HOW TO AIM
The first time you shoot a bow and arrow. during which time you get your aim and release the arrow. After you have completed the draw. and your first shots will seem futile. called "loosing". Your shooting glove or the "tabs" feel thick and clumsy. hold this position for a few seconds. Persist in your efforts and you will soon be
--. Means what it says-you loose or release the arrow and the bowstring propels it. A common failing with beginners is to have the arrow fall away from the left side of the bow. Only practice in drawing will overcome this fault. You must learn to snap these three fingers straight at the same time.
LOOSING. Figure 6.17 ---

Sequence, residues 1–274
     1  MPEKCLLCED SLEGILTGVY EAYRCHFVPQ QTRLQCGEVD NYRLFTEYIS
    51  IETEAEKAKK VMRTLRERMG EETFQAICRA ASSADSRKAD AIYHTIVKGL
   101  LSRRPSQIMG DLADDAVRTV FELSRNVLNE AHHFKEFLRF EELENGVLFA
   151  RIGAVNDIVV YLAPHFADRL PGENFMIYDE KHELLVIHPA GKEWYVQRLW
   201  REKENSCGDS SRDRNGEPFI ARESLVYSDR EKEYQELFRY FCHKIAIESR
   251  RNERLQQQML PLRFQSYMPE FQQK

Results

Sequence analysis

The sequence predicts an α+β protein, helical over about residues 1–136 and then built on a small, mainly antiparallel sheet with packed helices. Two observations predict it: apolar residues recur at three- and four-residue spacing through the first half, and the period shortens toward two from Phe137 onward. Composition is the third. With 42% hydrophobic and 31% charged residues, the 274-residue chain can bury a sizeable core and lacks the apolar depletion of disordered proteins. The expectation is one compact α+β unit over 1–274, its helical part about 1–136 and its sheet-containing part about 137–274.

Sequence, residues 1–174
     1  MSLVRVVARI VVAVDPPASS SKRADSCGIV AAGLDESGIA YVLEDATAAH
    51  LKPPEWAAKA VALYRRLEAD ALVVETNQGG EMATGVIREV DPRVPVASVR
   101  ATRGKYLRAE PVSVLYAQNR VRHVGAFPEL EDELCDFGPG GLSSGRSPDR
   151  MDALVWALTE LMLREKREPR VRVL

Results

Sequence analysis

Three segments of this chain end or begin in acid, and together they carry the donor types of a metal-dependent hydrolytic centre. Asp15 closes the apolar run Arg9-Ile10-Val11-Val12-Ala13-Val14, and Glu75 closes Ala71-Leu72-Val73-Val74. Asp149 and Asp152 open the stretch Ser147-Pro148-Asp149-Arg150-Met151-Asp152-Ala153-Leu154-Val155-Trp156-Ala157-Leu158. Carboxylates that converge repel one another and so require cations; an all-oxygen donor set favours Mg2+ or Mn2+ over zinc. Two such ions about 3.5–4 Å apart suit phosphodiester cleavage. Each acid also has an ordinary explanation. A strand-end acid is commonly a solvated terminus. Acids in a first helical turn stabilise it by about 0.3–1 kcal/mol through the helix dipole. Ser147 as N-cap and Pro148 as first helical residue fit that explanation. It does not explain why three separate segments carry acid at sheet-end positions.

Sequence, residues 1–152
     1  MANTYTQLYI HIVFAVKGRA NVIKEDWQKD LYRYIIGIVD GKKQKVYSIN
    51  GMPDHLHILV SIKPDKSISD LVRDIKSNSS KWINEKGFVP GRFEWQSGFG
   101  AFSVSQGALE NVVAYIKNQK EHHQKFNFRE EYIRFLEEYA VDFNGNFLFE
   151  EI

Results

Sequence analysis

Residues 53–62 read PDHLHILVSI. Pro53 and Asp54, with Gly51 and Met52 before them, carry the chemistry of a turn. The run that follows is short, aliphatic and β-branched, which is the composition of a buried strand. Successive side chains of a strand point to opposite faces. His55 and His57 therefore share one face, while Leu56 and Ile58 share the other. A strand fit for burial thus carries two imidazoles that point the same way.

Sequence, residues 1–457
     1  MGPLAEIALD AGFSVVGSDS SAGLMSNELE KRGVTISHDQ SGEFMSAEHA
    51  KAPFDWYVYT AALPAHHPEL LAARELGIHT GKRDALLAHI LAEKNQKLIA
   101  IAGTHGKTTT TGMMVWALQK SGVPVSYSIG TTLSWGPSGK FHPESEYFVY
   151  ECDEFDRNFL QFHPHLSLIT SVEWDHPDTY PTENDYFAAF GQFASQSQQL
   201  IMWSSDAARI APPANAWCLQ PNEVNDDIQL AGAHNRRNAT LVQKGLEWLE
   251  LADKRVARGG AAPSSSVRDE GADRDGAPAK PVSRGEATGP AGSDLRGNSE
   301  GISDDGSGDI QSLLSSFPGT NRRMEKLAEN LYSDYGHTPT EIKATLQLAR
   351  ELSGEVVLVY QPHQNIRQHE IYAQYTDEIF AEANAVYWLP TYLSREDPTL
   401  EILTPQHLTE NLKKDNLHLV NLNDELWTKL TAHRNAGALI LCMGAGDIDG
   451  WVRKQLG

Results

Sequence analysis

rest the tip of your arrow on the "point of aim" which you just marked with some object. With a 6'0" bow 45 pounds drawing weight. imagine the bow held in exactly the same position. as in short ranges. and release your shot. Some coordination of muscle and mind directs the missile and with practice we become accurate throwers. and the other where it would be higher. their position being determined by experimenting and practice. your target scores will go up by leaps and bounds. if they are all the same in length and flying qualities. Sights generally fall into two classes. and if a fellow can go out and hit rabbits. There are so many different kinds that it would be useless to attempt to describe them all. If you always rest the tip of your arrow on this spot. During the past ten years. POINT OF AIM SHOOTING. This "snap-shooting" is used in roving. where the same arrow flight would hit the bullseye. Go back to where you first stood. If your arrow flies over the target. will fly and land in the same place. All the top notchers either use "Point of Aim" or a sight of some sort. The Plate shows the method quite clearly. An important point to remember: Keep your eye on the "Point of Aim". INSTINCTIVE SHOOTING. We don't know just exactly how we aim a stone or a baseball when we throw it. Sometimes a novice will pick up a bow and at once shoot with some precision-it is instinct with some others must follow the slower road of practice. From the diagram entitled "Aiming by point of aim for short Ranges". Draw the arrow under your chin. Experiment until you get the idea. or a brad-headed nail. and demand better and better matching until you have driven honest fletchers crazy. a great variety of sights and sighting devices have been developed. SHOOTING WITH SIGHTS. a wad of paper or a stone at this spot. and imagine a point on the upper limb of the bow. The arrow is usually drawn to the cheek or jaw. Some evidently are excellent. of which the main requirements are ease of moving and